From all these results, it is clearly seen that the eIG mode is robust to atomic diffusion. For quantitative analysis, we use the Pearson correlation coefficient (PCC) as a statistical tool to judge the relevance between the retrieved images and the original images^{[28,29]}. PCC is widely used in measuring the correlation between two images. Its expression is $$\mathrm{PCC}=\frac{\sum _{i=1}^{g}\sum _{j=1}^{h}({A}_{i,j}-\overline{A})({B}_{i,j}-\overline{B})}{\sqrt{\sum _{i=1}^{g}\sum _{j=1}^{h}{({A}_{i,j}-\overline{A})}^{2}}\sqrt{\sum _{i=1}^{g}\sum _{j=1}^{h}{({B}_{i,j}-\overline{B})}^{2}}},$$where ${A}_{i,j}$ and ${B}_{i,j}$ correspond to the grayscale value of every pixel of the image before storage and after storage, respectively. $\overline{A}$ and $\overline{B}$ are the average grayscale value of all pixels in these two images, and $g$ and $h$ are the number of pixels in every row and column. Since the PCC itself is normalized, its value ranges from $-1$ to 1. $\mathrm{PCC}=1$ means the two images have a perfectly linear correlation, while $\mathrm{PCC}=-1$ indicates an anti-correlation, and two unrelated images will lead to a PCC value close to 0. We calculate the PCC values of every mode in Figs. 1 and 2, and the results are shown in Fig. 5. As the storage time increases, the PCC values of all modes decrease. However, whether in odd or even mode, the PCC values of the elegant beams, ${\mathrm{eIG}}_{10,2,2}$ and ${\mathrm{eIG}}_{20,4,2}$, remain above 0.9 after 3 µs of storage, which illustrates that they preserve their intensity distributions quite well. Regarding the standard IG modes, the PCC values drop below 0.3 after a storage time of 3 µs, indicating that the information carried by the original modes basically disappears.

Figure 5.Pearson correlated coefficient (PCC) values of the even eIG_{10,2,2} modes (with solid circles), the even IG_{10,2,2} modes (with hollow circles), the odd eIG_{10,2,2} modes (with solid squares), the odd IG_{10,2,2} modes (with hollow squares), the even eIG_{20,4,2} modes (with triangles), and the odd eIG_{20,4,2} modes (with inverse triangles) with storage times increasing from 1 µs to 3 µs.

The calculation results of the PCC value further illustrate that the eIG mode is invariant to coherent diffusion. In order to analyze this phenomenon, we adopt the theory proposed by Shuker et al.^{[18,19]}. Based on this theory, the retrieved beam $E(r,t+\tau )$ has been stored as $$|E(r,t+\tau {)|}^{2}\propto {|\int {\mathrm{d}}^{2}{r}^{\prime}E({r}^{\prime},t){e}^{-{|r-{r}^{\prime}|}^{2}}|}^{2},$$where $E({r}^{\prime},t)$ is the probe field and convolves with a Gaussian function ${\mathrm{exp}}^{-{|r-{r}^{\prime}|}^{2}}$. According to the convolution theorem, we can rewrite Eq. (4) as $$|E(r,t+\tau {)|}^{2}\propto {|{\mathcal{F}}^{-1}\{\mathcal{F}[E(r,t)]\xb7\mathcal{F}({e}^{-{|r|}^{2}})\}|}^{2},$$where $\mathcal{F}$ represents the Fourier transform, and ${\mathcal{F}}^{-1}$ represents the inverse Fourier transform. $\mathcal{F}({e}^{-{|r|}^{2}})$ remains as a Gaussian function, which acts as a low-pass filter, filtering out most of the high-frequency components of the probe beam in the frequency domain.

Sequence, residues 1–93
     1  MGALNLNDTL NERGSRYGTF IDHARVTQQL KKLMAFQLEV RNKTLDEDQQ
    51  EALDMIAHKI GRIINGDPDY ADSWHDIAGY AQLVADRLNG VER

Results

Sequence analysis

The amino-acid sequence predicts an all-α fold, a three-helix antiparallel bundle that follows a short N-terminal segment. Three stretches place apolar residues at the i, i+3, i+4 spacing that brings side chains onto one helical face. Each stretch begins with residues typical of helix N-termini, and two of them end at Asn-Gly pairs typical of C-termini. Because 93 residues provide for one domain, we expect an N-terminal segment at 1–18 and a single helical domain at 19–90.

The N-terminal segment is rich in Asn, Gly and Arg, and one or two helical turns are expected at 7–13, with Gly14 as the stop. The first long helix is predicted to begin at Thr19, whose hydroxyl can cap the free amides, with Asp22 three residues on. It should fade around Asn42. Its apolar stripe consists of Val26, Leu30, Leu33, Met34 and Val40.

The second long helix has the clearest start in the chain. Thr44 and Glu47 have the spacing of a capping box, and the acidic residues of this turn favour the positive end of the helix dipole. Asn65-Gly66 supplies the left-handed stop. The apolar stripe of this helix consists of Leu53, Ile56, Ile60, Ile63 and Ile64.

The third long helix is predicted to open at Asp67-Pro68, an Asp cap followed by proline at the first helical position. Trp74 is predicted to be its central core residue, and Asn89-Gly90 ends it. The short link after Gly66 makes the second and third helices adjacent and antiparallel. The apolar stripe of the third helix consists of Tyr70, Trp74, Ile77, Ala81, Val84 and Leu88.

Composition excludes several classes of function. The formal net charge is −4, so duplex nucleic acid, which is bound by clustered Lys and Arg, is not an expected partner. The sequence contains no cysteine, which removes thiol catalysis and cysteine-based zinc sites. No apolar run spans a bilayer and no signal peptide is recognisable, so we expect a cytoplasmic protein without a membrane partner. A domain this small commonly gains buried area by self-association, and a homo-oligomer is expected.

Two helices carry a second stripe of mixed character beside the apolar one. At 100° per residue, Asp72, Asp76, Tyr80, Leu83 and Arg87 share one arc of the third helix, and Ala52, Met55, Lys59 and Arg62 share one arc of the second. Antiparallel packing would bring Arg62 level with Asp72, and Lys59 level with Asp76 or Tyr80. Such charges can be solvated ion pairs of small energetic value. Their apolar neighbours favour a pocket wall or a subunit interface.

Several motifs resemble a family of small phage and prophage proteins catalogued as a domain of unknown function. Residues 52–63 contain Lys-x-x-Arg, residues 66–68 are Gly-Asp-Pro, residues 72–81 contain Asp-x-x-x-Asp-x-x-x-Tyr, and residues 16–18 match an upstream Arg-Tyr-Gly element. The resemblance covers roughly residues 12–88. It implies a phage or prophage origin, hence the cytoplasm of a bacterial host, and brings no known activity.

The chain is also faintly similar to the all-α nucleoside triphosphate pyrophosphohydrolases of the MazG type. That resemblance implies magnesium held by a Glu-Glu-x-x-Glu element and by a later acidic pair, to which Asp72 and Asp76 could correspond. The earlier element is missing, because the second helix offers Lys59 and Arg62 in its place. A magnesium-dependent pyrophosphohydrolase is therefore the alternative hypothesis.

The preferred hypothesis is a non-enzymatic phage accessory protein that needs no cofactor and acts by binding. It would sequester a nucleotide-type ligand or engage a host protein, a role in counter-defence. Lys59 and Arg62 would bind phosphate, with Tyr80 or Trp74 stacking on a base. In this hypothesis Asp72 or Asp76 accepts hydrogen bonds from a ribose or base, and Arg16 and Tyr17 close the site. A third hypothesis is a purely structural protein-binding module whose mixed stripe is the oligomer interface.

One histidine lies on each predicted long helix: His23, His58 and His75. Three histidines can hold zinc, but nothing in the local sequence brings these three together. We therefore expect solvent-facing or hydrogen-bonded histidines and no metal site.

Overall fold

The distribution of probe field in the spatial and frequency domains is shown in Fig. 6. The first and third rows present ${\mathrm{eIG}}_{10,2,2}$ modes, while the second and fourth rows are the standard IG modes for comparison. The Gaussian function $\mathcal{F}({e}^{-{|r|}^{2}})$ decreases in value from the center to the edge, resulting in better preservation of the low-frequency components of the probe beam which are at the center of the frequency domain. However, the high-frequency components at the periphery of the frequency domain are greatly reduced when multiplied by $\mathcal{F}({e}^{-{|r|}^{2}})$. From the second column of Fig. 6, we can find that the standard IG mode has a wide range of angular spectra in the frequency domain. Once it is Gaussian modulated by $\mathcal{F}({e}^{-{|r|}^{2}})$, its high-frequency components are filtered, resulting in the loss of light field information after storage. In comparison, the distribution of the elegant modes in the frequency domain is more concentrated and is symmetrically centered about the origin of the coordinates, which means that its angular spectrum only undergoes a uniform attenuation and maintains the overall structure unchanged. Therefore, the frequency domain distribution of the retrieved beam is well preserved. So the corresponding spatial patterns are well preserved as a result. Furthermore, by upgrading the Rb cell to a paraffin-coated cell filled with inert gas and by using a combination of probes and control beams with Zeeman coherence $\mathrm{\Delta}m=1$^{[30]}, longer storage time of the eIG mode can potentially be achieved, potentially extending into the millisecond range.

Figure 6.Schematic diagrams illustrating the principle of the anti-diffusion mechanism of the eIG mode. Intensity distributions of the eIG and the IG modes in the spatial domain before storage [column (1)] and after storage [column (4)], and distributions in the frequency domain before storage [column (2)] and after storage, which is Gaussian filtered [column (3)]. Row (a) eIG_{10,2,2}^{e}. Row (b) IG_{10,2,2}^{e}. Row (c) eIG_{10,2,2}^{o}. Row (d) IG_{10,2,2}^{o}.

To summarize, we have studied the storage performance of eIG modes in a warm Rb vapor cell. We record the retrieved patterns of ${\mathrm{eIG}}_{10,2,2}$ and ${\mathrm{eIG}}_{20,4,2}$ modes after storage times of 1, 2, and 3 microseconds; quantify their fidelity using PCC values; and compare their storage performance to the ${\mathrm{IG}}_{10,2,2}$ modes. The experiment results show that after storing for 3 µs, PCC values of all elegant modes are higher than 0.9, while the values of the standard modes are less than 0.3. Moreover, eIG beams with different ellipticity are stored for 3 µs, which is found to have little effect on the storage results. Our demonstrations indicate that the eIG modes could be faithfully stored in room temperature atoms, which is helpful for building a high-dimensional and multiplexed quantum repeater. By combining it with a fiber network^{[31]}, high-fidelity and long-distance quantum communication is expected to be achievable in the future.